There is already a nostalgic element to turning the pages of a paper or a book, with the new generation now exposed to digital, as opposed to being gradually introduced like generations of previous years. Yes, the world of digital brings exciting opportunities, with the ever-changing social climate allowing us to engage like never before. Yet, there is something different about picking up a physical paper copy of a paper. You may be encouraged to read stories you would simply glance at online or spend your time reading the whole piece instead of scrolling to the end. A paper is a curated collection of news, features and articles that are deemed the most important that day and should be considered as a complete package.

Although modernisation is important, I for one will be sad to see The Independent go and wistfully hope the others will not follow suit.

 

Hate Seeking Missiles: The Rise Of The Professional Troll

In the last few years the professional troll has arisen, not designed to anger you about a subject, but at the person saying it. We now have celebrities designed just for you to venomously despise, not because you disagree with them, but because they’re simply horrible people.

It’s clear that people are getting harder to shock, meaning that celebrities have had to resort to even more daring ploys for attention. In the last few years, we have seen sex tapes, meat dresses, award ceremony invasions, all deliberate attempts to raise awareness of a product or person. Shock PR tactics are evolving to ludicrous and downright offensive levels. We are seeing a generation of celebrities who are not only controversial but downright horrible, who are famous for making you hate them.

The media is now plagued by commentators who spew offensive comments just to get a reaction from the public, behaving in essence, like a troll.

For those living in a cave (or more suitably, under a bridge), a troll is a nickname for those who roam social media, upsetting people to evoke a reaction. This can include sexism, racism and even threats of sexual abuse or death. Thankfully this is being cracked down on but the scale of the problems means very few have faced convictions thus far.

Dapper Laughs was recently criticised for his offensive approach to women.

Dapper Laughs was recently criticised for his offensive approach to women.

The professional troll is successful due to their simple strategy. Nasty comments by celebs (usually on Twitter) get picked up by the media which are then shared countless times across social media like the online equivalent of cholera. The celebrity’s reputation can’t be harmed because it is built on these principles. Anyone voicing their disgust further spreads the celebrity in question’s name so you can’t really win, by responding you are merely fuelling the fire.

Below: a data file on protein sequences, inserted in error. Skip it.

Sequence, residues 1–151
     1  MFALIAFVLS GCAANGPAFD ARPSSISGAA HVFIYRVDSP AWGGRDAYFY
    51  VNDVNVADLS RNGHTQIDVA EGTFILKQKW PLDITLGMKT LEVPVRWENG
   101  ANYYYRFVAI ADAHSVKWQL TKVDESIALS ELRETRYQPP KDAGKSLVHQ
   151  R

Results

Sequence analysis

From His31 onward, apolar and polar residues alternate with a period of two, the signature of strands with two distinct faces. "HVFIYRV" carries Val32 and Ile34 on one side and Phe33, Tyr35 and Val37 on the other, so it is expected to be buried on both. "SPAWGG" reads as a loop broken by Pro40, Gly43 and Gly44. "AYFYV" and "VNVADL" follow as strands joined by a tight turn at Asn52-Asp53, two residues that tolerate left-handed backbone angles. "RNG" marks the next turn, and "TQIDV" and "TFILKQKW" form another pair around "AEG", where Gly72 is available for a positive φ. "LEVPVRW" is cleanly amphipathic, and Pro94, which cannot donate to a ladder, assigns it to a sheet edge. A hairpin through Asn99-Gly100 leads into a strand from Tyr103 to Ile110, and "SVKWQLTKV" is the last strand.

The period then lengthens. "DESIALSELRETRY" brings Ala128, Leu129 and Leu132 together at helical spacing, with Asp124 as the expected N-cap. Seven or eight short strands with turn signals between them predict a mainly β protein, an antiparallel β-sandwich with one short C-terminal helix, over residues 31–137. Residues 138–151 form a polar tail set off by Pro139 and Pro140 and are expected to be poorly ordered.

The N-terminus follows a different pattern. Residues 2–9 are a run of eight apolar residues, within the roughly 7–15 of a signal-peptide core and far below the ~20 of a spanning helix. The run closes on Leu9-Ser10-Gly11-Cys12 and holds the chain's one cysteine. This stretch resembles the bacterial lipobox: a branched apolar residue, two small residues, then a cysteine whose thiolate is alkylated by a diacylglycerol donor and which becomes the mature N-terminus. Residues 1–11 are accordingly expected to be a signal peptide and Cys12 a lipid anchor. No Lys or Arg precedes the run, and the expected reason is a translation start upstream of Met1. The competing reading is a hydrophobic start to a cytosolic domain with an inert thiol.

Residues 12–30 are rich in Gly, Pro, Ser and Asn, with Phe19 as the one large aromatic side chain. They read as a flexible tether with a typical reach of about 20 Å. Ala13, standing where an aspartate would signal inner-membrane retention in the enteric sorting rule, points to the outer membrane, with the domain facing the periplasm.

Vine video host Dapper Laughs is a great example. For those that missed his fortnight of fame, the alleged ‘comedian’ revels in making crude, sexists jokes at their expense. A real gent. Another famous member of this new generation is the Scottish ghoul Frankie Boyle, famed for making comments about Jimmy Saville and Princess Diana.

Thankfully, it seems that these people do have expiry dates.

They say there is no such thing as bad PR, but it does often have repercussions. Dapper Laughs, for example, has pretty much been killed off after the horror show that was his TV show and general national condemnation. Frankie Boyle’s antics, while initially making the headlines have faded away and now is so despised by the media, he’s unlikely to ever work on terrestrial television again.

It’s evident that eventually these celebrities will go away if they are starved of the media attention that they need to thrive.

The message is clear, DON’T FEED THE TROLLS!

#JeSuisCharlie and the Twitter bandwagon

Last week’s attacks in Paris were sickening, of that there is no doubt. The fallout, many innocent people are dead, world leaders are doing their best to be seen to support their French allies and millions of tweets are being sent bearing #JeSuisCharlie.

This isn’t a blog looking at the wider repercussions of the attacks, that’s something far too large to do here, or in any single blog – to look at the rising anti-Muslim agenda, scaremongering and media misreporting, but what can be assessed is the role social media plays in these instances.

Since last week’s attacks, I’d be keen to bet that #JeSuisCharlie has trended consistently. A hashtag which aims to show solidarity towards the victims, defiance against terror and a pro-free speech outlook – big objectives for a mere 13 characters.

Millions show their defiance against the Paris attacks.

Millions show their defiance against the Paris attacks.

The main reason social media, particularly Twitter, is able to spread this feeling of support and defiance is that, simply put, it’s quick and easy to do so – a great advantage. Yet this ‘click and forget’, ‘like and leave’ mentality is its own worst enemy. Take the previous example of #BringBackOurGirls, a hashtag supported by the likes of Michelle Obama to raise awareness around the Boko Haram kidnapping of 300 girls in Nigeria. Remember that? Outraged at the time? Perhaps you even shared the hashtag. But what then?

Social media, of which I like most people am a big fan, makes news quicker, more interactive, and affords people the opportunity to share their opinion. But when it’s just as easy to back worldwide disgust at a terrorist incident as it is to show your enjoyment of a picture of a cat dressed as a lion, in many ways it cheapens the message.